Friday, January 26, 2007

First signs of the apocalypse…

Wanted to share a couple of letters I have gotten the last few days. Seems like it is only a taste of what the world has in store for Belarus and/or yours truly...

View of Polotsk in 1912 Photo from WIKI
Hello Adam,

I have found your blog browsing Google News this morning for latest news of the Naftan visit of Lukashenko yesterday and spent the last two hours to read your blog(s).

I am a German, visiting Belarus since 1997 too and living now in Polotsk since two years, AND I must say I agree with your point of view on Belarus. Also very interesting for me was to read the Mike's Vacation blog linked from your blog with your comment: "than endlessly regurgitating their mantra: Lukashenka bad, Lukashenka bad, Lukashenka bad, Lukashenka bad, Lukashenka bad...".

My opinion is that the political situation here in Belarus makes not a difference to the political situation in Putin's Russia. The only difference is, that nobody wants to talk with Lukashenko but travel to Putin's audiences held in Sochi (on the weekend our chancellor; yesterday Prodi). And my opinion regarding the economical situation is, that the people here are living not in such a poor situation as they think. Maybe they had only not the possibility to compare their situation. My wife and I often go to Daugavpils in Latvia (it is 120 km from here and this city has the same size as Polotsk) for shopping and every time I ask myself how people can live there from salaries of 250 Dollars but prices like in Germany. But this is EU and nobody want hear this ...

It is really amazing: Sitting here in Polotsk on one of the first days of January, watching "Deutsche Welle-TV", which has a channel in the Polotsk cable TV network, seeing a report about the Gazprom/Belarus topic and they show a pensioner here (I dont remember in Bobruiysk or Baranovichi?), showing her new 600,000 rouble gas stove which "is not in use", because she always last year paid more than 50% percent of her pension to the local gas company... Calling to "Deutsche Welle-TV" in Berlin right after the end of the news and telling them this segment is a joke or fake, because no other hints on Belarus were given in the segment (only the house, the pensioner and the gas stove - it could be anythere in Eastern Europe; okay the pensioner spokes Russian), receiving the answer that "Deutsche Welle-TV" has the function of shaping the public opinion in such countries as Belarus. What should I think now? German "Deutsche Welle-TV", by the way paid from my taxes, lies? They are shaping my opinion because I am one of the 10 people which are watching the news in German language on "Deutsche Welle-TV" here?

Keep on with your blog!

Best regards,

Hey Adam,

Just saw your new web page. Aren't you missing the most important "its about"?

- its about a 40-something Jewish American living in Belarus

I think "its about Belarus" isn't catchy enough... This is just my
honest opinion.


Ok Stan, how about its about a stupid-ass 40-year-old Jewish American who made the rediculous decision of refusing to believe that there might
actually be "corruption in Eastern Europe" or that it might even have been an accepted way of life- an idea that could have saved him a fortune and made his life a million times easier...


View on Saint Sophia Cathedral in 2006
Lol Adam... A little too catchy.

You honestly believed all of that? You needed to talk to some Russian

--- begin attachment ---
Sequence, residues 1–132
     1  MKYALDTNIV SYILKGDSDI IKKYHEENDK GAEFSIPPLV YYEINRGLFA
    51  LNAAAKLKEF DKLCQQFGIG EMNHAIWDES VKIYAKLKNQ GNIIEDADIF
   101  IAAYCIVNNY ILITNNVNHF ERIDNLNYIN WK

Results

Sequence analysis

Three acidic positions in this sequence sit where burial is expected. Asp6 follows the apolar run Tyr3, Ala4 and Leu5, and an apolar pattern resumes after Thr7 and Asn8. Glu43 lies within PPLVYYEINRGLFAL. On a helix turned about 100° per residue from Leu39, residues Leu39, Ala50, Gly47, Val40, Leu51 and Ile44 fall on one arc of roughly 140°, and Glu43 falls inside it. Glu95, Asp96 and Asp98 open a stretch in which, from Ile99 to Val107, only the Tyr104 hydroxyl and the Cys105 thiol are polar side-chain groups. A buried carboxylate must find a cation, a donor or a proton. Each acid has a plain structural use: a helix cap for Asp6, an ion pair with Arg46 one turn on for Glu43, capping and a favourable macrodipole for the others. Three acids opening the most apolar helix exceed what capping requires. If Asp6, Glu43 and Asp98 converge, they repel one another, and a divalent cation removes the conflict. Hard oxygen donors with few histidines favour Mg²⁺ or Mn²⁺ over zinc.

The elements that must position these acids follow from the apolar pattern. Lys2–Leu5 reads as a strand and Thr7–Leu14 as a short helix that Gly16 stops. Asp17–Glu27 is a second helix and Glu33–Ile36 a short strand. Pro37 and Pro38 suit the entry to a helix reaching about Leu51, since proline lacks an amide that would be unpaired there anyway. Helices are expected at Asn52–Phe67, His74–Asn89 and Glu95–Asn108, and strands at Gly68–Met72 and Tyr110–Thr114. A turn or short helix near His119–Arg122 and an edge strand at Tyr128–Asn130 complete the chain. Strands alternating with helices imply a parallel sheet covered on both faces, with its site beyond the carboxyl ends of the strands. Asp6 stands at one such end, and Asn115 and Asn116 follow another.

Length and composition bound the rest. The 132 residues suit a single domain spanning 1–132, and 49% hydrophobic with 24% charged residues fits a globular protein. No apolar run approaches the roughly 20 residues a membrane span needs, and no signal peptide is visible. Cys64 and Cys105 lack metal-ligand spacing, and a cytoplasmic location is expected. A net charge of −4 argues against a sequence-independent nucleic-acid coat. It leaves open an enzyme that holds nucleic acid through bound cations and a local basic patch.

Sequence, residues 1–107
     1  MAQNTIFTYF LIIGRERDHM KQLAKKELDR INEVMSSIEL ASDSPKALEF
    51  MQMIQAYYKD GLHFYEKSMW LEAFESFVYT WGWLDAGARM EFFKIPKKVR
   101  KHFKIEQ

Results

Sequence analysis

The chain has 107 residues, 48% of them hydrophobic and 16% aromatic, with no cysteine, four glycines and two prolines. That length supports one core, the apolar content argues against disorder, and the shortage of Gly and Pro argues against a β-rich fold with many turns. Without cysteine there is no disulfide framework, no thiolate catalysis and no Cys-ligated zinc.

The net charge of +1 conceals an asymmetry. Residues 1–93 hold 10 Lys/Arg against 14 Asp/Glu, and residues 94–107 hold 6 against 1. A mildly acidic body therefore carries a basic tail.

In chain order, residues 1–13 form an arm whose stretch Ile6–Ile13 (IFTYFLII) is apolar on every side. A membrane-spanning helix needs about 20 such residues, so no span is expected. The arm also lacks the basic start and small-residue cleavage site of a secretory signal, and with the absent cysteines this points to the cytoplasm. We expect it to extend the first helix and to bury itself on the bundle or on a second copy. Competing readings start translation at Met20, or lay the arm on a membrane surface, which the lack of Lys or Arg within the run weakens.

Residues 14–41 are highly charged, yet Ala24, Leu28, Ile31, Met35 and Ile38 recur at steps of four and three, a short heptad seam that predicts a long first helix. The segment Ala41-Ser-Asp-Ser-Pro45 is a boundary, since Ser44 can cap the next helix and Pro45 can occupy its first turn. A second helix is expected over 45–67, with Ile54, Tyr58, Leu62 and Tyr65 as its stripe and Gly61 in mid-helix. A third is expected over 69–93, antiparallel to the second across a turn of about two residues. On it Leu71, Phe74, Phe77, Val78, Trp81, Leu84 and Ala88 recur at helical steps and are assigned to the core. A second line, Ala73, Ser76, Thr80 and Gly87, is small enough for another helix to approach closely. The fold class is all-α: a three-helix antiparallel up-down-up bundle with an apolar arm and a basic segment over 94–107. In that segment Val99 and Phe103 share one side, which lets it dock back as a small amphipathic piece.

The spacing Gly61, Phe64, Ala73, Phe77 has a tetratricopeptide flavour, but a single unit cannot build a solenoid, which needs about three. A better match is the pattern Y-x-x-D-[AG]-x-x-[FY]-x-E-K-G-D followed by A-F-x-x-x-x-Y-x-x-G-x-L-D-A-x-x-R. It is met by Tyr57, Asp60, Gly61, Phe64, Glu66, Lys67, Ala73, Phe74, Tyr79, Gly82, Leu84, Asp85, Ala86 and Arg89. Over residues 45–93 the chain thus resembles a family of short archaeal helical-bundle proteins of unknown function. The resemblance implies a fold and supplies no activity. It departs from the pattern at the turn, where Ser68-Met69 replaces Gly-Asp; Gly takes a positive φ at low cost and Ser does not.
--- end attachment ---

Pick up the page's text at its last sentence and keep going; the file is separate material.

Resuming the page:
emmigrants like my parents or me before you left - then you would have
found out the real deal. Former ussr/Russians/eastern europeans are
probably one of the most corrupt governments in existance. I'm not sure I
can go as far as saying "Russians are the most corrupt people on earth"
but corruption seems to follow us around no matter where we go. This is
very evident buy the presence of the Russian mafia in NY, and generaly
any position of power Russians hold all over the world.

I questioned my parents and others I have met in my travels why this
seems to follow the Russian people around no matter where we go and I'm
told the answer is in the history books. I guess when you look back at
the history of Russia and are how many millions of people were once so
exploited and forced to live in poverty by the rulling class its no
wonder that after the revolution those that had nothing and all of the
sudden gained power went overboard. You know that mentality "I'm going to
get what's been coming to me all these years no matter what". Its very
sad actually because for the majority of the people their hearts are in
the right place. I'm sure you are experiencing all of this first hand
now. All I have to say is be careful of what you say to whome about your
ventures, etc... The Russians have an uncanny ability to sniff out if
someone is making money and if they are not getting "their" cut they can
get very angry and do things that were done in Chicago in the Al
Cappone days - if you know what I mean. Its like that The Who song - the new
boss is the same as the old boss (I think that's how it goes... I'm not
a huge Who fan).

Any time I tell one of my friends who deals a little pot on the side to
help support his family to "be carefull and that I really worry for
him" I get told that I'm being negative and send negative vibrations. I
just worry because I care. So be careful and try to have a possitive
mental (and dental) outlook. Otherwise you wind up like the drunks I used
to see lying around on the streets of Kiev.

Kind Regards,

Hi Adam,

Interested in a job you can work from home? I’d like to help a fellow Jew if I have a choice in the matter. I need someone for only about 5 or 6 hours a day to start. Base salary will be around $100 US/month + added bonuses, easy work, no selling, no costs to you. Let me know if you’re interested.